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Unpopular Hollande seeks TV redemption

05 november 2014, 14:52
0
French President Francois Hollande. ©AFP
French President Francois Hollande. ©AFP

 Hours after winning the presidency, a beaming Francois Hollande emerged in front of a crowd of flag-waving, cheering supporters and said he was proud to have given some hope back to France, AFP reports.

Two and a half years later, exactly half-way through his term, the president who set himself up as "Mr Normal" finds himself in a highly abnormal position: never has a French head of state been so unpopular.

With an approval rating at a historic low of 13 percent and a staggering 97 percent believing he has failed on the economy, more than eight in 10 French people say they do not want Hollande to run for a second term.

And with even his own camp saying privately there is a feeling of "end of days" around the presidential Elysee Palace, Hollande will on Thursday give a rare prime-time television interview in a desperate bid to claw back some ground.

His record so far, especially on the economy, has been little short of disastrous. Unemployment has risen 27 months out of the 30 he has been in charge and growth has ground to a halt.

He came to office vowing to get France's budget deficit below three percent of output -- as EU rules demand -- but has since pushed the deadline back from 2013 to 2017, infuriating partners in Brussels and austerity-minded Berlin.

Added to the political and economic woes are difficulties in his personal life following a bitter tell-all book by former partner Valerie Trierweiler that painted a picture of a cold and scornful man.

Close aides worry about the loneliness at the top.

"He doesn't ever get together with his friends," said one.

And the heady days of May 6, 2012, when he gave that speech in his heartland of Tulle, now seem "long off", admits Albert Trigot, owner of a brasserie in the square Hollande addressed.

"People knew it was going to be difficult whoever was elected. But they are disappointed, including on the left of politics. For a year, it's been getting harder," Trigot told AFP.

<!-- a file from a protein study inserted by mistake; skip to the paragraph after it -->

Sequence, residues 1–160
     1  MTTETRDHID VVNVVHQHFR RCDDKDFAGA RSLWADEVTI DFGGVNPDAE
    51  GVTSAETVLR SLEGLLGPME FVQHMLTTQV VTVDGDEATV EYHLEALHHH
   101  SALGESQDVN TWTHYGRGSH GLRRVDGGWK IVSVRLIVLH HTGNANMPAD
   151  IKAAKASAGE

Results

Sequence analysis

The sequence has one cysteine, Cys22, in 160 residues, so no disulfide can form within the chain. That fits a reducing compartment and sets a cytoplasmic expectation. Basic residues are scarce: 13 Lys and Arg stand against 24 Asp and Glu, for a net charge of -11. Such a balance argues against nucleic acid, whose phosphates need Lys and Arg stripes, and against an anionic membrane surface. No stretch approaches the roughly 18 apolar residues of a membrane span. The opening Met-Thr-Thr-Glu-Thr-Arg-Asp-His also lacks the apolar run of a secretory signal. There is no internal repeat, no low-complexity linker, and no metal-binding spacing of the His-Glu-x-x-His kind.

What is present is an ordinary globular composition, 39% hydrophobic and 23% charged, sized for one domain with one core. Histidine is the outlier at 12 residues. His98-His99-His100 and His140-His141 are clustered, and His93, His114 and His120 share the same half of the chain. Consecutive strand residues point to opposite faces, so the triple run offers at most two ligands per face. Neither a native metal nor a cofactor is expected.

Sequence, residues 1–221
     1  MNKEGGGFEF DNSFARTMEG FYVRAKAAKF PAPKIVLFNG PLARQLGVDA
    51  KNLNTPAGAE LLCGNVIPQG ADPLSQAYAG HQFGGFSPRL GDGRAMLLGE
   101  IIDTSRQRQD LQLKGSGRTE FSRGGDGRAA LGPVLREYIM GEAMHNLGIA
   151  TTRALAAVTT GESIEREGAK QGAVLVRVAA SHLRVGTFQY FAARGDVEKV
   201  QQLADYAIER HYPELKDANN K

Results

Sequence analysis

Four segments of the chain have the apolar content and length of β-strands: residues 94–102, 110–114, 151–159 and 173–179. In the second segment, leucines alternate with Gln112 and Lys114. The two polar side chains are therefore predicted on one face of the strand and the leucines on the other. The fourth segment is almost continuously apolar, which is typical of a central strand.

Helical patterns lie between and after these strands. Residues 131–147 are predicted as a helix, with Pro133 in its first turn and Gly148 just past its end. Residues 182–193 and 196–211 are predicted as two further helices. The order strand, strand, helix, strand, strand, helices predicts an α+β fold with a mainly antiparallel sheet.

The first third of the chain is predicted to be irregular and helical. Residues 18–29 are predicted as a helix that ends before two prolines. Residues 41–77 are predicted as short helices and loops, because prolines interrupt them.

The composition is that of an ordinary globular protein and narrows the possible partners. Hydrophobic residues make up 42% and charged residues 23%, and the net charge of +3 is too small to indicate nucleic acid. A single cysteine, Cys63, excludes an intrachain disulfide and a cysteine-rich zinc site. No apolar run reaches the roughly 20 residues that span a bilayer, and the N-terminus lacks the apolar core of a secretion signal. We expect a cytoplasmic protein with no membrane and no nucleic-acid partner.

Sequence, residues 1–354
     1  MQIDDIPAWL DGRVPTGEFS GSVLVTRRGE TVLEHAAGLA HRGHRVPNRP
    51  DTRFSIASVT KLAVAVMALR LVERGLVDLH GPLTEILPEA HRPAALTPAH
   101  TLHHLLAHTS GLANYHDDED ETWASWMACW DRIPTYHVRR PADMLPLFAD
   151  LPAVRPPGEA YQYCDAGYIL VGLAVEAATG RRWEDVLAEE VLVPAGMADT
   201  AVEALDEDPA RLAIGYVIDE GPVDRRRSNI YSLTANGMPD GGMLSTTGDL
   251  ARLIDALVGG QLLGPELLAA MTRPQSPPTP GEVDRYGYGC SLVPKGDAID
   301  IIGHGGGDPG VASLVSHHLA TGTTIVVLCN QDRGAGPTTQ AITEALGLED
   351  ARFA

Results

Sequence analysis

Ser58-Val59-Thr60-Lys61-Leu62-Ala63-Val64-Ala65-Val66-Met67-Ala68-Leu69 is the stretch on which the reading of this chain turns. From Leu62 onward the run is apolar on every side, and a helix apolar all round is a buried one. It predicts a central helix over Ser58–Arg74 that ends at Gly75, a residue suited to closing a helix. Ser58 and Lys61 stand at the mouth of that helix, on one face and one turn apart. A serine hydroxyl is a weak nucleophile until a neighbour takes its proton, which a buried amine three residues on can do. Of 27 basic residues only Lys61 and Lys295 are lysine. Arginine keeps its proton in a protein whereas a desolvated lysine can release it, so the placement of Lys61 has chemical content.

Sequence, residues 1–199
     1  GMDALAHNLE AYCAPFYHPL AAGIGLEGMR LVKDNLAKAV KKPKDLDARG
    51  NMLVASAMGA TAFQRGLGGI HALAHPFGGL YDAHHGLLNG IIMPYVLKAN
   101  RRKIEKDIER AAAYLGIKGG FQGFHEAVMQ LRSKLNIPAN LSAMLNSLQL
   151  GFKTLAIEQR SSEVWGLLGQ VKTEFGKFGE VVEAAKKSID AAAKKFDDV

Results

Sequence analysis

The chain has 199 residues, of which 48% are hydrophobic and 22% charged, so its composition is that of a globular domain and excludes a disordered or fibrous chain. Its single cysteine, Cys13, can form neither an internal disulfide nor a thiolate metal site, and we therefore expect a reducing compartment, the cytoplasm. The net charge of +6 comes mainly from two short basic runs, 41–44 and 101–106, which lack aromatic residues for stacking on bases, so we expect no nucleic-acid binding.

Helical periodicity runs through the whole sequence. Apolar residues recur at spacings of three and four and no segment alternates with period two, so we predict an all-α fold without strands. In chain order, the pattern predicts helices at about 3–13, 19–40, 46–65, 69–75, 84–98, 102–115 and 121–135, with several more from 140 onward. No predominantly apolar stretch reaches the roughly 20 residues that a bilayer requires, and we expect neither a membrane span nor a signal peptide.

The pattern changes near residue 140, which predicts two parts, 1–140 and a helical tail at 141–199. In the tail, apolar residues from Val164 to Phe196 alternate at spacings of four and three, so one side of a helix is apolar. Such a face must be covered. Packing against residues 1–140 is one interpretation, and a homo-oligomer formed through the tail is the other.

Another Tulle resident, Jose Da Silva, said: "Whether it was him or someone else, the result would have been the same. But he has made a lot of promises he hasn't kept."

"He doesn't bang his fist on the table enough. I was expecting a much more forthright president."

    'Indecisive leadership' 

 In fact, Hollande's consensual style has become a perceived weakness at a time of political and economic crisis, said Frederic Dabi from the Ifop polling group.

"The consensual president who wants to please everyone has given the impression of an indecisive leadership... and his eternal optimism has been interpreted as trickery," said Dabi.

Another political analyst, Gerard Grunberg, said Hollande "perhaps doesn't have the character to face up to the crisis", saying he had lost "a large part of his personal authority, allowing all those unhappy with him to do what they want."

Indeed, Hollande is also battling to keep those in his own camp onside, with a rebellious left-wing of his Socialist Party defying him and abstaining on crucial parliamentary votes.

"It's hard. It's not easy," admitted the beleaguered president recently.

His main reform drive -- a mix of spending cuts and tax breaks for business to create jobs -- has been slow to bear fruit, with even his own economy minister acknowledging France is "sick".

On the world stage, he has been more dynamic, with France taking an active role in the fight against the Islamic State group and intervening in African hotspots.

But with a poll showing he would receive only 13-15 percent of the vote in the first round of the 2017 presidential election if it were held now, losing out heavily to the far-right Marine Le Pen, questions are increasingly being raised about his candidature.

Le Pen has called for parliament to be dissolved and former Socialist prime minister Michel Rocard has advised Hollande not to stand again.

Another advisor, however, pointed to Hollande's reputation as a comeback king, once coming back from an approval rating of three percent to win the Socialist primary.

"He went through a low patch in September," said one aide. But now "he is fired up. He believes in it. He's trying to bounce back."


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